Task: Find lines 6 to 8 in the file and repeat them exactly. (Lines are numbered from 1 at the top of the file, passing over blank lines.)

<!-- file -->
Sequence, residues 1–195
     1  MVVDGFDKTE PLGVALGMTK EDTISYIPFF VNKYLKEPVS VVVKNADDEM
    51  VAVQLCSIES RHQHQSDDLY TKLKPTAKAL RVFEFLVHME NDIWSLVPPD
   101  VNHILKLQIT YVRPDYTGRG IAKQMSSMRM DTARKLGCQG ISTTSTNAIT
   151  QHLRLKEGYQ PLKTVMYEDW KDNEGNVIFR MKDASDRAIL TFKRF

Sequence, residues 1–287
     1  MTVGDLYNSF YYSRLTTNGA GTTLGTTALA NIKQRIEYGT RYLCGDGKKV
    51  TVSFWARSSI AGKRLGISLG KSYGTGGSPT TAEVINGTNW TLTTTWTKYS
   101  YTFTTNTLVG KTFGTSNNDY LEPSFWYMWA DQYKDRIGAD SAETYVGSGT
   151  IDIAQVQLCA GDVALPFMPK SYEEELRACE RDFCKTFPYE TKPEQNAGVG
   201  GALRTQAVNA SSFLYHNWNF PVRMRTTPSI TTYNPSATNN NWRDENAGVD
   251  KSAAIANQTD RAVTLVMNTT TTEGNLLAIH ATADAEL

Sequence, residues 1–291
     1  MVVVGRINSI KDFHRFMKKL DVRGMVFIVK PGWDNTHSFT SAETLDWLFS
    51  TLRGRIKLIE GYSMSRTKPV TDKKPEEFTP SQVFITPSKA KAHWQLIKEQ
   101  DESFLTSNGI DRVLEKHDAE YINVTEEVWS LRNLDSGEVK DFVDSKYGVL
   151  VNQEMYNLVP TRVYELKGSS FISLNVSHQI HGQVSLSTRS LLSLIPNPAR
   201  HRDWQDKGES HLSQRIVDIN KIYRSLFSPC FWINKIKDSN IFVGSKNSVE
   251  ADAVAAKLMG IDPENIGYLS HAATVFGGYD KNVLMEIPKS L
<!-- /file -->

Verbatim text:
Sequence, residues 1–287
     1  MTVGDLYNSF YYSRLTTNGA GTTLGTTALA NIKQRIEYGT RYLCGDGKKV
    51  TVSFWARSSI AGKRLGISLG KSYGTGGSPT TAEVINGTNW TLTTTWTKYS